The huge red gripper mounted on top of a long articulated shovel tirelessly grabs scrap metal, shears it and then tears it out. In a few days, only a pile of debris from the two old 600-ton refrigerated ships remained.
Before that, they were cleaned of their liquids, hydrocarbons, oils and dangerous gases, then asbestos removed. Shims, glass wool and wooden and metal plates were also removed.
The scrap, collected in the form of refit using magnetic shovels, then goes to European and French foundries, notably ArcelorMittal in Dunkirk.
The sector was born in Brest with the dismantling of the TK Bremen, a Maltese freighter which ran aground on a beach in Morbihan in 2011. “Since then, it has been developing”, assures AFP Olivier Lebosquain, director of the site which employs about forty people.
In 2020 and 2021, he notably deconstructed the last three diesel submarines of the French Navy. After the Karl and the Antigone Z, it will dismantle the Russian icebreaker tanker Varzuga, 165 meters long and 6,600 tonnes. It will be the largest merchant ship ever deconstructed in France.
Equipped with facilities classified for the protection of the environment, the Brest shipyard is the only one on the Atlantic coast authorized to dismantle high tonnage ships.
Covering an area of 15,000 m2, it has been on the European List of Approved Ship Recycling Facilities since 2016, which lists around thirty in the European Union and twelve others in Great Britain, Turkey and the United States.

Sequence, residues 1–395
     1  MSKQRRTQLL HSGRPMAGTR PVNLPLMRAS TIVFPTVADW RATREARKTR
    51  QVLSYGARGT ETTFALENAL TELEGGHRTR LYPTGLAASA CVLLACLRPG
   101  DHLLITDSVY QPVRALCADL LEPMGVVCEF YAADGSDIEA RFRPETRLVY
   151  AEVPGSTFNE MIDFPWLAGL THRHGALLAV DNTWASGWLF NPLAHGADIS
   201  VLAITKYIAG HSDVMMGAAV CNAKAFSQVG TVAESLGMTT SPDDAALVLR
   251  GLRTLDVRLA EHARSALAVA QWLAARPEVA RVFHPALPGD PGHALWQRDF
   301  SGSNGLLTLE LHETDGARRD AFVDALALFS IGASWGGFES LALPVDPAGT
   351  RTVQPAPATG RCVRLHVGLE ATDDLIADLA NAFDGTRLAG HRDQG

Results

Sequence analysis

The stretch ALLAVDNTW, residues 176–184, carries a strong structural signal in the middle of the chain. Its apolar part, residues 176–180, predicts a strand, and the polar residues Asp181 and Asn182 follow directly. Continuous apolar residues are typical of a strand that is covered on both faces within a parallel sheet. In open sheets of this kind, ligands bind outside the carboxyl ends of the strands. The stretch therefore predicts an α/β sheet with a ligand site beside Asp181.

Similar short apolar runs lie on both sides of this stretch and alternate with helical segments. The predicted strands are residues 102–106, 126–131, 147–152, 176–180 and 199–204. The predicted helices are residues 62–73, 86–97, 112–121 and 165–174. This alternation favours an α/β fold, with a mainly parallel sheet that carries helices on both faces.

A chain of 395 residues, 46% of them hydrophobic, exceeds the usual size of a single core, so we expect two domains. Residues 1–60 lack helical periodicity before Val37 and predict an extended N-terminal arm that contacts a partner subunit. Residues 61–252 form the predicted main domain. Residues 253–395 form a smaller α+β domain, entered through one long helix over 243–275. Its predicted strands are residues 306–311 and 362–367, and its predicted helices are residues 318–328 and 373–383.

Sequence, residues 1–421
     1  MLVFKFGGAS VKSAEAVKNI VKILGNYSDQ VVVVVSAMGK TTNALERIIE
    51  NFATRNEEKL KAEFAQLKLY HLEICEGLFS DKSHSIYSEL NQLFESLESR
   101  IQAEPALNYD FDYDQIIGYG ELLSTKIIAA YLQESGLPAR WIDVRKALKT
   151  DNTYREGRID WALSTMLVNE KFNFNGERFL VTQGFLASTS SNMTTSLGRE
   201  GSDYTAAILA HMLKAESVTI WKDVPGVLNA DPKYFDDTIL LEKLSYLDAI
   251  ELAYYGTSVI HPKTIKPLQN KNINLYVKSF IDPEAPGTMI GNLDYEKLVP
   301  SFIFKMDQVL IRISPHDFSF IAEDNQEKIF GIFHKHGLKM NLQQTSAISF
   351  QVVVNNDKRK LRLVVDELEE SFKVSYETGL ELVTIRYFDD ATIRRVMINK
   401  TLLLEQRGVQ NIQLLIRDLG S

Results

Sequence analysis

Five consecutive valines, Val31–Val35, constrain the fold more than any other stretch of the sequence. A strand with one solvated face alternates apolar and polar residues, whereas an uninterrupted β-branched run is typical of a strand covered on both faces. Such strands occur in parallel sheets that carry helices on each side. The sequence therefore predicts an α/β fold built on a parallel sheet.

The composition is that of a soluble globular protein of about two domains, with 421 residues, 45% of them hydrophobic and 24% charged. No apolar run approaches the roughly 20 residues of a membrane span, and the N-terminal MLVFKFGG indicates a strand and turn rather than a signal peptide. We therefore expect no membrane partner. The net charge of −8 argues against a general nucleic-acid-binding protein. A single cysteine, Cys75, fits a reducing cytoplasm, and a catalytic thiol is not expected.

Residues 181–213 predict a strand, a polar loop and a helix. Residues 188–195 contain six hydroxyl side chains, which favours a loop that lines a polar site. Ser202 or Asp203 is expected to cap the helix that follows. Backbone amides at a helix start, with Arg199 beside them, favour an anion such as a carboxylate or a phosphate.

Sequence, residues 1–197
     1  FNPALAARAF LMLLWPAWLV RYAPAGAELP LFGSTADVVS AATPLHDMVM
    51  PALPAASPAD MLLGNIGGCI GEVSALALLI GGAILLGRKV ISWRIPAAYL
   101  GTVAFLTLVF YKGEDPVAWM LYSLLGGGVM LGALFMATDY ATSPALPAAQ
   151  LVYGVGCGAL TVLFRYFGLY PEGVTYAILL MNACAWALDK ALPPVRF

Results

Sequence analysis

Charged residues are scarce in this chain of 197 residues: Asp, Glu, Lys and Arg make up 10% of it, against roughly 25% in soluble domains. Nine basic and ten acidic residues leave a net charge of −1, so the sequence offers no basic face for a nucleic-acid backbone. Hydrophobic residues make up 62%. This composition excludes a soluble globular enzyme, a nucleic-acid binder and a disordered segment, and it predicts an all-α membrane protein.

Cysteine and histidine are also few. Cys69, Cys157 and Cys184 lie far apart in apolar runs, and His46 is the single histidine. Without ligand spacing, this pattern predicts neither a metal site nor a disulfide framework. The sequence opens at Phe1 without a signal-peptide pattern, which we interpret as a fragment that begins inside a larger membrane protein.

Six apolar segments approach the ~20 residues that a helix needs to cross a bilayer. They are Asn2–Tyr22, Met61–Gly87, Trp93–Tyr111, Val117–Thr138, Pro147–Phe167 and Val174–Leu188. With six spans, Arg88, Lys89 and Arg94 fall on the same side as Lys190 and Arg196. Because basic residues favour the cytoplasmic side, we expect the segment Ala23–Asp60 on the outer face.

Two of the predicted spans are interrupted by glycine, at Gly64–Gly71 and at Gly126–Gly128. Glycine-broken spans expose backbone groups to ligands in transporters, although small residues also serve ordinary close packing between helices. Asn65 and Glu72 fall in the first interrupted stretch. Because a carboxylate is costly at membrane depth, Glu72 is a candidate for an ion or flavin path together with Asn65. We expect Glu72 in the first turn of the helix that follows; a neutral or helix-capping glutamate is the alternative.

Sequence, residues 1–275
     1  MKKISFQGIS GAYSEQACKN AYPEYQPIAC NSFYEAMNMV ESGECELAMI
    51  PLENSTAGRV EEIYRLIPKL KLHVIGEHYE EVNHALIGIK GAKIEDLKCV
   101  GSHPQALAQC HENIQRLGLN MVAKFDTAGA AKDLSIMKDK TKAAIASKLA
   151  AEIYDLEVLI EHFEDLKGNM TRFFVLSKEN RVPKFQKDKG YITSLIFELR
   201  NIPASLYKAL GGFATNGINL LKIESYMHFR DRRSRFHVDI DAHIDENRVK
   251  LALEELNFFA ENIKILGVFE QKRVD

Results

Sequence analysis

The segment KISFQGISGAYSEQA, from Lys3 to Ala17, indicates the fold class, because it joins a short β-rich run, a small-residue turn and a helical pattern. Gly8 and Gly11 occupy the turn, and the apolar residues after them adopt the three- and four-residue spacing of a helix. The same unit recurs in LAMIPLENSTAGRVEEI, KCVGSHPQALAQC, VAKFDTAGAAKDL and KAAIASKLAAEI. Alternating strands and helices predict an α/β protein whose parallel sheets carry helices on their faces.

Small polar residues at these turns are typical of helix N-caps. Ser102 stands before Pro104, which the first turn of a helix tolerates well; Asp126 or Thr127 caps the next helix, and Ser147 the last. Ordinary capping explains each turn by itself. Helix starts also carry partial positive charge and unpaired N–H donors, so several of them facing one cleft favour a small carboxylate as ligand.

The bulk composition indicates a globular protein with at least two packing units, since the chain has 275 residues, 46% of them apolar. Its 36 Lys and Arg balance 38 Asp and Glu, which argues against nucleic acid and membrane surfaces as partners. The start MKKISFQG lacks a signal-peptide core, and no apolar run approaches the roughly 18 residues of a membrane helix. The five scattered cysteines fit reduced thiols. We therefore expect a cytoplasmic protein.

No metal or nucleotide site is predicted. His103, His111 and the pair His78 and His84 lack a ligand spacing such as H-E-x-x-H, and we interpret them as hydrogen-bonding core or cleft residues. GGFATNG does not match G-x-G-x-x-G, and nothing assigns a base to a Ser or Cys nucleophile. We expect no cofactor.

“We have just deconstructed two boats and we have a load plan which is still important”, welcomes Pierre Rolland, president of Navaleo. The project plans to create 10 to 15 jobs per year over the next few years.
In 2021, the company exported some 30,000 tonnes of steel from Brest from operations to dismantle military ships or “suction cups”, these boats in poor condition abandoned in ports by unscrupulous shipowners.
“We can imagine that these boats would have gone to Asia mainly, so we can be delighted that the ship dismantling sector in Brest is developing”, underlines Mr. Lebosquain.
Since 2019, European regulations require the dismantling of boats flying the European flag in a shipyard approved by the European Union.
“Things are progressing, but we will have to work concretely with a certain number of States of the European Union which are not very attentive”, notes however the Breton MEP Pierre Karleskind during a visit to the site.
Some Member States circumvent the regulations by changing the flag of their end-of-life ships in order to have them deconstructed in shipyards that offer attractive prices to the detriment of social, health and environmental regulations.
During the first quarter of 2022, 129 cargo ships were deconstructed worldwide, notes the latest bulletin “Shipbreaking” from the environmental association. Only four were in shipyards approved by the European Union.
“The other ships left or were leaving for Bangladesh, India, Pakistan or Turkey”, most often on equipped beaches, the association told AFP.
Of these 129 ships, 43 have changed their flag to adopt that of States such as Saint-Kitts-and-Nevis, the Comoros or Palau in order to escape European regulations, regrets Robin des Bois.
Navaleo, however, claims to be increasingly approached by French and European shipowners who do not wish or no longer wish to “deflag” their boats.
“These shipowners question us very regularly and we have ongoing projects that we hope to see completed in 2023 and 2024,” enthuses Pierre Rolland.